Responsible Tourism – maximising the positive impacts of tourism

Travelling responsibly can produce some of the best and most enjoyable travel experiences whilst, at the same time, benefiting local people and destinations. In short, responsible travel and tourism create a series of ‘win-win-win situations’ where both travellers, local businesses and host communities will benefit.

Over the last few years, the concepts of Responsible Travel and Responsible Tourism have seen a massive increase in usage and awareness within the industry and amongst travellers themselves. As discussed at the International Conference on Responsible Tourism in Destinations (2002) and agreed in The Cape Town Declaration, it is widely accepted that Responsible Tourism is about ‘making places better for people to live and for people to visit’.

  • Responsible Tourism is about making places better for people to live and for people to visit.–Cape Town Declaration

There are, however, also other terms and concepts like ‘green tourism’, ‘eco tourism’, ‘geotourism’, ‘pro-poor tourism’, ‘community-based tourism’ and ‘sustainable tourism’ which are all in frequent use. In many cases, some of these concepts will overlap and chances are that they will mean different things to different people. As there are no universally accepted definitions, the different terms might also convey different meanings in different places. We do, however, believe that it is important for both travellers and travel providers to be aware of some of the potential impacts of their travel and, then, take the appropriate actions.

  • Behaviour can be more or less responsible and what is responsible in a particular place depends upon environment and culture.–Prof. Harold Goodwin

We have provided a set of Responsible Travel Tips, but, the list is not exclusive, so please get in touch and let us know about your favourite tips and things to do to make the places we travel better places for people to live and for people to visit.

Responsible Tourism

  • minimizes negative social, economic and environmental impacts
  • generates greater economic benefits for local people and enhances the well-being of host communities
  • improves working conditions and access to the industry
  • involves local people in decisions that affect their lives and life chances
  • makes positive contributions to the conservation of natural and cultural heritage embracing diversity
  • provides more enjoyable experiences for tourists through more meaninful connections with local people, and a greater understanding of local cultural, social and environmental issues
  • provides access for physically challenged people
  • is culturally sensitive, encourages respect between tourists and hosts, and builds local pride and confidence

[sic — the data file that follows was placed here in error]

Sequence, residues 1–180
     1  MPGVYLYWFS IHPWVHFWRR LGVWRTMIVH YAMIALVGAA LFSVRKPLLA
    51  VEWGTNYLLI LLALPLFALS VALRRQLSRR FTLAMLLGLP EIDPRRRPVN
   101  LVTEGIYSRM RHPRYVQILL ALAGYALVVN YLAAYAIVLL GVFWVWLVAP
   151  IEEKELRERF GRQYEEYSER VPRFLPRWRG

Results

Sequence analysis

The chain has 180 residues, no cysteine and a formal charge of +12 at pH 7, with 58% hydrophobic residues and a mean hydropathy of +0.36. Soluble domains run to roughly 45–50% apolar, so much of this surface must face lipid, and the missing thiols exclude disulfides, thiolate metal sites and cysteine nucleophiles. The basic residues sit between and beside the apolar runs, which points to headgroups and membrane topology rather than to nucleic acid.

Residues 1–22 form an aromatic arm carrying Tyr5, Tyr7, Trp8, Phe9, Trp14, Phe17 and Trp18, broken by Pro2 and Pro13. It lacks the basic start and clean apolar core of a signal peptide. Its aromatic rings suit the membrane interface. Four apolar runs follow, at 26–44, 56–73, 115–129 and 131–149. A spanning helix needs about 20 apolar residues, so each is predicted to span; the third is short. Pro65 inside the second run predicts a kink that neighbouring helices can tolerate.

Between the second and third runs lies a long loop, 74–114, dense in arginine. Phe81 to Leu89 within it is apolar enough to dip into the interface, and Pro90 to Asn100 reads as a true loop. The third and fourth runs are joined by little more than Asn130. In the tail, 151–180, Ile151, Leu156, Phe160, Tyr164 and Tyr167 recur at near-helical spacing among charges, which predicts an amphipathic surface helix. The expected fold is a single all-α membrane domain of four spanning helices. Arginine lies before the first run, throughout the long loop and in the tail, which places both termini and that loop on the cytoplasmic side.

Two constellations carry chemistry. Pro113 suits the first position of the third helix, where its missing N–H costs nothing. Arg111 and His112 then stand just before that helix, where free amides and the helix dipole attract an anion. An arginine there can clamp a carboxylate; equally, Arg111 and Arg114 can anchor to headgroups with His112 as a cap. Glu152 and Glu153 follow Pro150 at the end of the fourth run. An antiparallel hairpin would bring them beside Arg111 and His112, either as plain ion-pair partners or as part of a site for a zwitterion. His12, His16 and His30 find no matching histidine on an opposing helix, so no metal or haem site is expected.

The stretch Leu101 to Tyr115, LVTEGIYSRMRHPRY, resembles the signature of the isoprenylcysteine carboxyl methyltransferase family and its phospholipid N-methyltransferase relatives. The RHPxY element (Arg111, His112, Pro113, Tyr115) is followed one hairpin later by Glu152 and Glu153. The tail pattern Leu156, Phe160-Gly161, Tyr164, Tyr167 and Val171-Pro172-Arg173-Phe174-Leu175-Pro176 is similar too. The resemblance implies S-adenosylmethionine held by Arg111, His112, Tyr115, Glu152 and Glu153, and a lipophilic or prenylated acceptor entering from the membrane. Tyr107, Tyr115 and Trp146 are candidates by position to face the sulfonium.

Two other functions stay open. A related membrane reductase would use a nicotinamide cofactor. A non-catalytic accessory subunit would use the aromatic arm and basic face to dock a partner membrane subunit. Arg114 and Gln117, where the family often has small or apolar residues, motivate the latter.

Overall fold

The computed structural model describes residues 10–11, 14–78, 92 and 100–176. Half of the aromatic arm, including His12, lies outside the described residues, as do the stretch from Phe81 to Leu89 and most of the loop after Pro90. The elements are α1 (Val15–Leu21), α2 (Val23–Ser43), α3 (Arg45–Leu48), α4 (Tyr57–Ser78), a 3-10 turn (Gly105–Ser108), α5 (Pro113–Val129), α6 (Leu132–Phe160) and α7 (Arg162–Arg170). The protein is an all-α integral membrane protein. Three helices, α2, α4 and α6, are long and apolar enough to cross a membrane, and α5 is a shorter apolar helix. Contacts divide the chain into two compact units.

Cape Town Declaration, 2002

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Frequently Asked Questions:

  • How do I know if 'green' places really are green?
    Unfortunately, there are no bulletproof ways to tell unless you do a bit of research before you travel. Many hotels, restaurants, tour operators and travel agents will, however, publish some of their awards and accolades on their website. Proactive companies would, in general, also be happy to tell you more about the various projects and initiatives they have implemented and work with and explain their environmental impact and how they support the local economy.
  • Can I really save the world in a couple of days?
    Unfortunately, no. We’d love to be able to save the world in a couple of days ourselves, but what we can do is provide you with loads of responsible travel tips (of which we hope you will share with your friends, family and fellow travellers) and put you in touch with vetted organisations that will help you learn more about the destinations you are travelling to. Then it’s up to you to continue the good work after you’ve come back from your travels.
  • What's your take on 'orphanage tourism'?
    Most people want to travel responsibly and ‘do some good’ whilst travelling. Unfortunately, some unscrupulous people take advantage of their generosity and genuine want to do good. For some, ‘a visit to an orphanage’ has even become an integral part of the tourist trail without thinking about the potential consequences. We don’t think children should be tourist attractions and, therefore, we strongly encourage people to do some research and learn more about the unintended consequences of people visiting (and volunteering at) orphanages. If in doubt, chances are that there are better ways to use your enthusiasm to benefit the local community.

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